During the summer of 2013, DCPS began C.Y.'s initial evaluation for special education and related services. Id. In September 2013, DCPS conducted C.Y.'s comprehensive evaluation.[1] C.Y. was diagnosed with Disruptive Behavior Disorder Not Otherwise Specified and Attention-Deficit Hyperactivity Disorder, Combined Type. Id. at 5. For SY 2013/14 Plaintiff Dale Young enrolled C.Y. in the current DCPS middle school. Id. C.Y. began having behavioral problems during the second week of enrollment and was subsequently suspended " at least three times at the start of SY 2013/2014." Id. at 5.

         On November 7, 2013, DCPS conducted an eligibility meeting for C.Y. " Although [C.Y.'s] advocate pointed out [C.Y.'s] many suspensions and problematic behaviors, the team determined that there was not enough information to support ED." Id. Ultimately, the team determined that [C.Y.] qualified for special education and related services with a disability of OHI and ADHD." Id. [2]

         C.Y. continued to exhibit behavioral problems and was again suspended. Id. Plaintiff Dale Young and DCPS disagreed regarding the cause of C.Y.'s behavioral problems. See id. at 5-6. On November 18, 2013, at a manifestation determination review meeting (" MDR" ) concerning C.Y.'s suspension, the MDR team determined that C.Y.'s behavior was not a manifestation of his disability. Id. at 5. Plaintiff Dale Young stated that C.Y.'s behavior at home was not disrespectful and " not as sever." Id. at 6. C.Y.'s advocate disagreed with the MDR team's determination, " asserting that C.Y. should be considered (" ED" ) instead of OHI and ADHD only." Id.

         On November 26, 2013, C.Y.'s IEP team met to develop C.Y.'s initial IEP, which lists OHI (ADD or ADHD) as C.Y.'s primary disability. Id. The IEP required C.Y. to receive 3 hours per week of specialized instruction in general education, 2 hours per week of specialized instruction outside general education, and 120 minutes

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per month of behavioral support services. Id. DCPS indicated that C.Y. would receive additional 30 minutes per week of behavioral support that would not be listed in the IEP. Id. C.Y.'s advocate disagreed with the services provided, asserting that C.Y. needed a full-time therapeutic placement. Id. However, DCPS was concerned that pulling C.Y. out of general education and implementing too many services at the outset would stigmatize C.Y. Id. DCPS indicated a willingness to revisit the IEP after it had been given a chance to work. Id. C.Y. continued to exhibit behavioral problems in November 2013 and was suspended in December 2013. Id. DCPS continued with efforts to help modify C.Y.'s behavior. See id.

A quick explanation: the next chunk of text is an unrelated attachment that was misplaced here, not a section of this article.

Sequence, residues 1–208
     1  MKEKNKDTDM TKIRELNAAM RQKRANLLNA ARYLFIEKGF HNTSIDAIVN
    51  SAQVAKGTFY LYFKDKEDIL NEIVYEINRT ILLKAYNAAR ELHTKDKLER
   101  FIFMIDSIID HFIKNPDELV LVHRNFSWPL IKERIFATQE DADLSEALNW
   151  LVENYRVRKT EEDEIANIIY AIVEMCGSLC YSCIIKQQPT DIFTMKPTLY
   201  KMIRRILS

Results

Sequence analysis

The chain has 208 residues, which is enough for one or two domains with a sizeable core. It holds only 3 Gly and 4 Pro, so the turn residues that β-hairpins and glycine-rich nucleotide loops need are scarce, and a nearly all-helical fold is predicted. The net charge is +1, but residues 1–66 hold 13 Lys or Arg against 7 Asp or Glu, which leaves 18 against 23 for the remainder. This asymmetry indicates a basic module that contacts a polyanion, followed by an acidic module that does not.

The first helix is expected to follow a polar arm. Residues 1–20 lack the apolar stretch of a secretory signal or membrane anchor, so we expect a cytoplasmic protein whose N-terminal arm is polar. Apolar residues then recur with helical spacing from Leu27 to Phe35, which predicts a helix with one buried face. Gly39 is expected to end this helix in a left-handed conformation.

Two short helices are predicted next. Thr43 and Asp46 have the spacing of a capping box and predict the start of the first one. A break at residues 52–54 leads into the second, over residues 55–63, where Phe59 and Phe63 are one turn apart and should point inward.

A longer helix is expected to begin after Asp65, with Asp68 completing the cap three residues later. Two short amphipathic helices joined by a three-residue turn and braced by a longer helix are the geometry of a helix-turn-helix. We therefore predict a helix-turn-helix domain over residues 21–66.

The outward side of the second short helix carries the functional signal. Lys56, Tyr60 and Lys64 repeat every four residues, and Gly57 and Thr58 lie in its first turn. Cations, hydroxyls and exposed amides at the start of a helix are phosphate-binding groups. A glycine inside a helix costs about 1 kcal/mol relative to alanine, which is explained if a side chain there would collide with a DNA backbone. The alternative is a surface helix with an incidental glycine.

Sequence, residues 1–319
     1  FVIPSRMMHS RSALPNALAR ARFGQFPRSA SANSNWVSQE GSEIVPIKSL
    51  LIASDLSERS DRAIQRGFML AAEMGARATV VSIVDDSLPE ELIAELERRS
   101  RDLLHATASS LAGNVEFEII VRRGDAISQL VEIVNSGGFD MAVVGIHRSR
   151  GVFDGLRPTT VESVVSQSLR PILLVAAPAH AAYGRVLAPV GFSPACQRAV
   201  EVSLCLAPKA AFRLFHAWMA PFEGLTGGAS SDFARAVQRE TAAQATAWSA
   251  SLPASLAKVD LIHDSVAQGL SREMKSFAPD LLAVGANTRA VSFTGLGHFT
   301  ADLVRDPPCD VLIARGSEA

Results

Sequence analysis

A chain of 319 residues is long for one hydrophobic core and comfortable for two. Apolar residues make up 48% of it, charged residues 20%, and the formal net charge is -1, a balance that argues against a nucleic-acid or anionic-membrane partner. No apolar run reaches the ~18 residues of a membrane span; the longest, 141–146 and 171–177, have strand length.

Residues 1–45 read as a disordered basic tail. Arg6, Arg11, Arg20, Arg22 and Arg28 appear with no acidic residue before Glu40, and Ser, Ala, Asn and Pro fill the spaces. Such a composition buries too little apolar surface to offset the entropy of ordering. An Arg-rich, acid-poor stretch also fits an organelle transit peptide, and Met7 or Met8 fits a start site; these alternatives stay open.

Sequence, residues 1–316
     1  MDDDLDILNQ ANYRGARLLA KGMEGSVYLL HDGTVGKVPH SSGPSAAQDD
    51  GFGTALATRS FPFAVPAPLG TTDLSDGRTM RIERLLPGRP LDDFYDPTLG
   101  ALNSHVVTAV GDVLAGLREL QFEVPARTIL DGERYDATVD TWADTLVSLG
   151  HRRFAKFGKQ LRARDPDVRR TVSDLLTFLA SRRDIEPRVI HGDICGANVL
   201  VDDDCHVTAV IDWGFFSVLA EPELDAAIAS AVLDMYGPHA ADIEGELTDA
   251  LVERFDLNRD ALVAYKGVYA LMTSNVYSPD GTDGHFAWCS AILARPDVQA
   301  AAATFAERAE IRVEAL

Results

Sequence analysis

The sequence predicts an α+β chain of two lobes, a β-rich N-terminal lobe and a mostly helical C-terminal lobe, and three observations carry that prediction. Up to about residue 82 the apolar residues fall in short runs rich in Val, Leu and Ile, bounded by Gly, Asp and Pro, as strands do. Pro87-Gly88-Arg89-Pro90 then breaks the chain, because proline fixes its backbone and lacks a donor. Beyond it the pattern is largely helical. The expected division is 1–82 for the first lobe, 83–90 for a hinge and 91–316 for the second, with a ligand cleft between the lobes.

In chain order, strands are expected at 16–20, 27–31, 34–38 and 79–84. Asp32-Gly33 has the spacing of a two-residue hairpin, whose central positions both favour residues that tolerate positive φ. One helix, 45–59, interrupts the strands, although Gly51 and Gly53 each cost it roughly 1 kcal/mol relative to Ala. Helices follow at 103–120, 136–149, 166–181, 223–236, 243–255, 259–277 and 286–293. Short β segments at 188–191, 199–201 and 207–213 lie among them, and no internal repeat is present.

Due Process Complaint and Hearing

         On November 27, 2013, Plaintiffs Dale Young and C.Y. brought an administrative action against DCPS. Id. at 1. The parties were not able to resolve the matter during the resolution period. Id. A subsequent Prehearing Order identified the following Plaintiffs' claims for adjudication:

i. Alleged failure to comply with Child Find obligations and/or timely evaluate or identify [C.Y.] as eligible for special education and/or develop an IEP for [C.Y.] and make services available in a timely manner;
ii. Alleged inappropriate determination on or about November 18, 2013 that [C.Y.'s] conduct was not a manifestation of [C.Y.'s] disability and alleged failure to conduct an FBA and/or develop a BIP for [C.Y.] following a one week suspension, which exceeded 10 days of suspension in the same school year;
iii. Alleged failure to develop an appropriate IEP on or about November 26, 2013 because the IEP failed to provide a full-time therapeutic setting for students with ED and ADHD and failed to provide sufficient behavior support services in light of [C.Y.'s] escalating behaviors; and
iv. Alleged failure to conduct a timely FBA and convene a follow-up meeting to develop a BIP during SYs 2012/13 and 2013/14 (although Petitioner acknowledged DCPS supplied an FBA and a BIP at the resolution session).

HOD at 1.

         As relief, Plaintiffs requested that the DCPS be ...